Auguste Stein, known as Gustel, was born at Lublinitz, Silesia, Prussia, Germany on 4 October 1849. She was the fourth of the twelve children born to Solomon Courant and Adelheid Burchard. Her favorite brother was Eugen. Auguste married Siegfried Stein on 2 August 1871 and they had eleven children, four of whom died in infancy. For the first ten years of their marriage they lived in Gleiwitz, Prussia and Sigfried worked in the lumber business with his mother. In 1881 they moved to Lublinitz, Prussia where Sigfried established his own business in lumber and coal. In 1890 they moved to Breslau, Germany. Gustel was widowed in 1893 when Sigfried died very suddenly, her youngest child was not quite two. Gustel took on the lumber business and made a great success of it. She became much respected in the Breslau area. She was distressed in old age when her youngest daughter became a Carmelite nun and other children and grandchildren made plans to emigrate to escape the Nazi persecution. She died on 14 September 1936, two years before the import of the terror became clear to all on Kristallnacht (18 October 1938).  [Source: Wikitree]

Visit Auguste Stein’s Wikitree page to see more genealogy details, family photos, and a photo of her gravestone.

 

Posselt, T 2005, Edith Stein: The Life of a Philosopher and Carmelite, translated from the German by Batzdorff S, Koeppel J, and Sullivan J, ICS Publications, Washington DC.

 

Stein, E 1993, Self-Portrait in Letters 1916-1942, translated from the German by Koeppel, J, ICS Publications, Washington DC.

9 August: St. Teresa Benedicta of the Cross

August 9
SAINT TERESA BENEDICTA OF THE CROSS
Virgin and Martyr

Memorial

Edith Stein was born to a Jewish family at Breslau on October 12, 1891. Through her passionate study of philosophy, she searched after truth and found it in reading the autobiography of Saint Teresa of Jesus. In 1922 she was baptized a Catholic and in 1933 she entered the Carmel of Cologne, where she took the name Teresa Benedicta of the Cross. She was gassed and cremated at Auschwitz on August 9, 1942, during the Nazi persecution, and died a martyr for the Christian faith after having offered her holocaust for the people of Israel. A woman of singular intelligence and learning, she left behind a body of writing notable for its doctrinal richness and profound spirituality. She was beatified by Pope John Paul II at Cologne on May 1, 1987.

From the common of martyrs or of virgins

THE SECOND READING

(Edith Stein Werke (Freiburg, 1987), 11:124-126)

From the spiritual writings of Saint Teresa Benedicta of the Cross

Ave Crux, spes unica!

We greet you, Holy Cross, our only hope! The church puts these words on our lips during the time of the passion, which is dedicated to the contemplation of the bitter sufferings of our Lord Jesus Christ. The world is in flames. The struggle between Christ and antichrist rages openly, and so if you decide for Christ you can even be asked to sacrifice your life.

Contemplate the Lord who hangs before you on the wood, because he was obedient even to the death of the cross. He came into the world not to do his own will but that of the Father. And if you wish to be the spouse of the Crucified, you must renounce completely your own will and have no other aspiration than to do the will of God.

Before you, the Redeemer hangs on the cross stripped and naked, because he chose poverty. Those who would follow him must renounce every earthly possession.

Stand before the Lord who hangs from the cross with his heart torn open. He poured out the blood of his heart in order to win your heart. In order to follow him in holy chastity, your heart must be free from every earthly aspiration. Jesus Crucified must be the object of your every longing, of your every desire, of your every thought.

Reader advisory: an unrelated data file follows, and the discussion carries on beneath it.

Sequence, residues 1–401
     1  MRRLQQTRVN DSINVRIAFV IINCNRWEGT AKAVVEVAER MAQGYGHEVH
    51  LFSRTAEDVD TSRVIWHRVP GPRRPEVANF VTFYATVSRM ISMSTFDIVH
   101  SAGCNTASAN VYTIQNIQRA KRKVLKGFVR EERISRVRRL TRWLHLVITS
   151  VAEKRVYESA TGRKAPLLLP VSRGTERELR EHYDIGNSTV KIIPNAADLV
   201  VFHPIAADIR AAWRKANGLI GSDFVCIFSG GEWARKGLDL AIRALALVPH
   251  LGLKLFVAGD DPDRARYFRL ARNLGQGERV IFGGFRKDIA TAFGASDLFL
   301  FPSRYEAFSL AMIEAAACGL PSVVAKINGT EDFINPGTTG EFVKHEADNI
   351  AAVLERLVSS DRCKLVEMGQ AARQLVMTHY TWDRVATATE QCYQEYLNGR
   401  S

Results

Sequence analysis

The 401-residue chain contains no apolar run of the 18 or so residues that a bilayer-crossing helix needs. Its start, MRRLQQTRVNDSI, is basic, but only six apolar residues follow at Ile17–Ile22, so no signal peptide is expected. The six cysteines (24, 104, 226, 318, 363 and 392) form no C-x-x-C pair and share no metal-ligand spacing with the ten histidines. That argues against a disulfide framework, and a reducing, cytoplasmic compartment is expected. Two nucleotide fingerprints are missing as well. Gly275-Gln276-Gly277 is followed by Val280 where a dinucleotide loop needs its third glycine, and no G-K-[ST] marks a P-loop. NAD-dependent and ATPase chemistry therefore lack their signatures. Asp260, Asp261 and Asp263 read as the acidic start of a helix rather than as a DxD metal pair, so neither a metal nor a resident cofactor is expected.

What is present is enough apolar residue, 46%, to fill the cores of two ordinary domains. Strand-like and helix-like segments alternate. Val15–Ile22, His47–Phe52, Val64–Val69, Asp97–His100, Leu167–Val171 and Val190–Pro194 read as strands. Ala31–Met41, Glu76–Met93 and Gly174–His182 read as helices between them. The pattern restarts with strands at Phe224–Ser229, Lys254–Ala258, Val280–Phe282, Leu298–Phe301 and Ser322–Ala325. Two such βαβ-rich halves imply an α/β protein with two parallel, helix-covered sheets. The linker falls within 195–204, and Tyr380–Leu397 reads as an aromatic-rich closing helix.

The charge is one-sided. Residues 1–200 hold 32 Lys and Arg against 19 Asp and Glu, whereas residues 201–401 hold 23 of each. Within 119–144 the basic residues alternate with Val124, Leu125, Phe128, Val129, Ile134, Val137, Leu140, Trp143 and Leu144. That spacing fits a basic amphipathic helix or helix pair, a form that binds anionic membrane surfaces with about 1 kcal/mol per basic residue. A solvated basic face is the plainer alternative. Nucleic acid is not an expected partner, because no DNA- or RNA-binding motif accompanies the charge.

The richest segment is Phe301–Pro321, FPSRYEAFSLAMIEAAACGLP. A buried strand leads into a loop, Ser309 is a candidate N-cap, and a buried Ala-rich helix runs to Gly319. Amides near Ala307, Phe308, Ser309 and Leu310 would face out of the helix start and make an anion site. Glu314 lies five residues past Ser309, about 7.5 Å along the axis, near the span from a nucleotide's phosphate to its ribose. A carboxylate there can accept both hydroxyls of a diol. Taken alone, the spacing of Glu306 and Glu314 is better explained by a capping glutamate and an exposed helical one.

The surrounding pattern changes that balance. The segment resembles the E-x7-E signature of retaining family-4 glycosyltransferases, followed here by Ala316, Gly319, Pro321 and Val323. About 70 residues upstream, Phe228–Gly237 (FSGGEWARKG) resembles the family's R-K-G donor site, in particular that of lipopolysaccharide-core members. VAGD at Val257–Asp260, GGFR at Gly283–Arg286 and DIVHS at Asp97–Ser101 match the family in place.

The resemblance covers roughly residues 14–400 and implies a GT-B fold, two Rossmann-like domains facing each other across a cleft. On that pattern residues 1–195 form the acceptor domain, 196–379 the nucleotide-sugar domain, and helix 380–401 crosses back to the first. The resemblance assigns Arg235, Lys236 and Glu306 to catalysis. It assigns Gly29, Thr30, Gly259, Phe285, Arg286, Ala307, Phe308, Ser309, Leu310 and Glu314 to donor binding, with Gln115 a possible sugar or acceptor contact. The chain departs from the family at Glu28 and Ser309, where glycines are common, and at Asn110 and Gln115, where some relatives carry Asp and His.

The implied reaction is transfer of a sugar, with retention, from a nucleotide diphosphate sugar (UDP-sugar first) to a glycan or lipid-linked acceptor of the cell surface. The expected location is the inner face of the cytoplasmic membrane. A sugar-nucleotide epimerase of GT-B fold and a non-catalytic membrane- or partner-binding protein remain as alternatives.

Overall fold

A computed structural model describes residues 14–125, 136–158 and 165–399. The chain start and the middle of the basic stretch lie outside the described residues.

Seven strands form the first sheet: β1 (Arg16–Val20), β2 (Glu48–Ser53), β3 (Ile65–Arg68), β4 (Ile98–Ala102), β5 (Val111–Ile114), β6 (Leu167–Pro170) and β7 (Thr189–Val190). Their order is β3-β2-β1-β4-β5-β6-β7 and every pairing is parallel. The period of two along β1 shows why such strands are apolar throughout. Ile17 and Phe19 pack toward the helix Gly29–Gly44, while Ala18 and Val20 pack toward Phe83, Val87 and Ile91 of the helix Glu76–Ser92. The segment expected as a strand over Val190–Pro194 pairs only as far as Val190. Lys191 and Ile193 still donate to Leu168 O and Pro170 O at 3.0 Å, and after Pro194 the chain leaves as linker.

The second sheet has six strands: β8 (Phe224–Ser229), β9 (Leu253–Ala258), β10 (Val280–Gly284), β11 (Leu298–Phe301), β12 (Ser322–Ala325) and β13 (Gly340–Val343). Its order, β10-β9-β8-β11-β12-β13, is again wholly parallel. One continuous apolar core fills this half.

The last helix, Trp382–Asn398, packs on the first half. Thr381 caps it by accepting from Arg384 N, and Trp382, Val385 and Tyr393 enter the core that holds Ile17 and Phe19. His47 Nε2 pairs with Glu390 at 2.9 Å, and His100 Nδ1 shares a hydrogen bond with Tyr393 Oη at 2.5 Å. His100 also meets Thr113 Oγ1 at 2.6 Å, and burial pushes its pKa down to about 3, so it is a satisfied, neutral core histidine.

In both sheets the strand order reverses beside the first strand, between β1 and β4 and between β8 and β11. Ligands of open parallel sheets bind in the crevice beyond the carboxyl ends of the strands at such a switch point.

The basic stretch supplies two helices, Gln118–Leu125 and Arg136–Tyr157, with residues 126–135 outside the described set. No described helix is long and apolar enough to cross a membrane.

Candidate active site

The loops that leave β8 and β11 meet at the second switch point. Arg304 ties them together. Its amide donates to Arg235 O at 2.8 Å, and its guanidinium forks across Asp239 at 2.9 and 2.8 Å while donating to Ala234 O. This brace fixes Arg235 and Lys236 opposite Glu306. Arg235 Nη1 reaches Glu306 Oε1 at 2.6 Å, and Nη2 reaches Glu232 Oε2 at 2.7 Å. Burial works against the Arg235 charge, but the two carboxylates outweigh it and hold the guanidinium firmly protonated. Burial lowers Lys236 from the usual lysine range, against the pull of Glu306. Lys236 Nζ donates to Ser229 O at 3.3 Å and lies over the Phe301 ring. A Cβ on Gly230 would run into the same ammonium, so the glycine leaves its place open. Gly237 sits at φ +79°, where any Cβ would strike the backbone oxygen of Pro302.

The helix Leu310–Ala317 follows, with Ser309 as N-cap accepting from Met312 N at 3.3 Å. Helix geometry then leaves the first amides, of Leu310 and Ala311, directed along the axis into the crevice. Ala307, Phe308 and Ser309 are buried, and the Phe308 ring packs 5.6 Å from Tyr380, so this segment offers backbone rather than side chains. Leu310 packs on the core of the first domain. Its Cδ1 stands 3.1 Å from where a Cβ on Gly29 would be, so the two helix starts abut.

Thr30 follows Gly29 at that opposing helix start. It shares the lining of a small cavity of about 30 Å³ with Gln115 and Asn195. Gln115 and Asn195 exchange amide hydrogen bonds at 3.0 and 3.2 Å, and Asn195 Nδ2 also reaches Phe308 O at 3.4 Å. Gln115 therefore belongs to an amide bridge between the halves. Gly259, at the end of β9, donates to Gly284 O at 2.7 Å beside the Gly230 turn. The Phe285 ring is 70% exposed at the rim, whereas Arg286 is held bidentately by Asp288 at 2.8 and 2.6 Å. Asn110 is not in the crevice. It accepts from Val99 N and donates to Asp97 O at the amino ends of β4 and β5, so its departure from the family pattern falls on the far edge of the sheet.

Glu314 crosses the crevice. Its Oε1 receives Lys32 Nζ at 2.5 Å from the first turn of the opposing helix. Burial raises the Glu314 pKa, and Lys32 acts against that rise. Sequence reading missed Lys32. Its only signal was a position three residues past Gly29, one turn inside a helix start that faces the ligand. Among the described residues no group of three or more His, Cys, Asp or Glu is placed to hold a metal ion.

The world is in flames: the fire can spread even to our house, but above all the flames the cross stands on high, and it cannot be burnt. The cross is the way which leads from earth to heaven. Those who embrace it with faith, love, and hope are taken up, right into the heart of the Trinity.

The world is in flames: do you wish to put them out? Contemplate the cross: from his open heart, the blood of the Redeemer pours, blood which can put out even the flames of hell. Through the faithful observance of the vows, you make your heart open; and then the floods of that divine love will be able to flow into it, making it overflow and bear fruit to the furthest reaches of the earth.

Through the power of the cross, you can be present wherever there is pain, carried there by your compassionate charity, by that very charity which you draw from the divine heart. That charity enables you to spread everywhere the most precious blood in order to ease pain, save and redeem.

The eyes of the Crucified gaze upon you. They question you and appeal to you. Do you wish seriously to renew your alliance with him? What will your response be? Lord, where shall I go? You alone have the words of life. Ave Crux, spes unica!

RESPONSORY

We preach Christ Crucified, a scandal to the Jews
and foolishness to the pagans,
but for those who are called, whether they be Jews or Greeks,
we preach Christ, the power of God and the wisdom of God.

The desire of my heart and my prayer
rises to God for their salvation;
but for those who are called, whether they be Jews or Greeks,
we preach Christ, the power of God and the wisdom of God.

PRAYER

Lord, God of our fathers,
you brought Saint Teresa Benedicta
to the fullness of the science of the cross
at the hour of her martyrdom.
Fill us with that same knowledge;
and, through her intercession,
allow us always to seek after you, the supreme truth,
and to remain faithful until death
to the covenant of love ratified in the blood of your Son
for the salvation of all men and women.

Grant this through our Lord Jesus Christ, your Son,
who lives and reigns with you and the Holy Spirit,
one God, forever and ever.

 

Auschwitz_main-gate
On the main gate for visitors to Auschwitz, the Nazis affixed this motto: WORK SETS YOU FREE. But for the millions who passed through the railway entrance, there was no freedom to be found and no truth in the motto.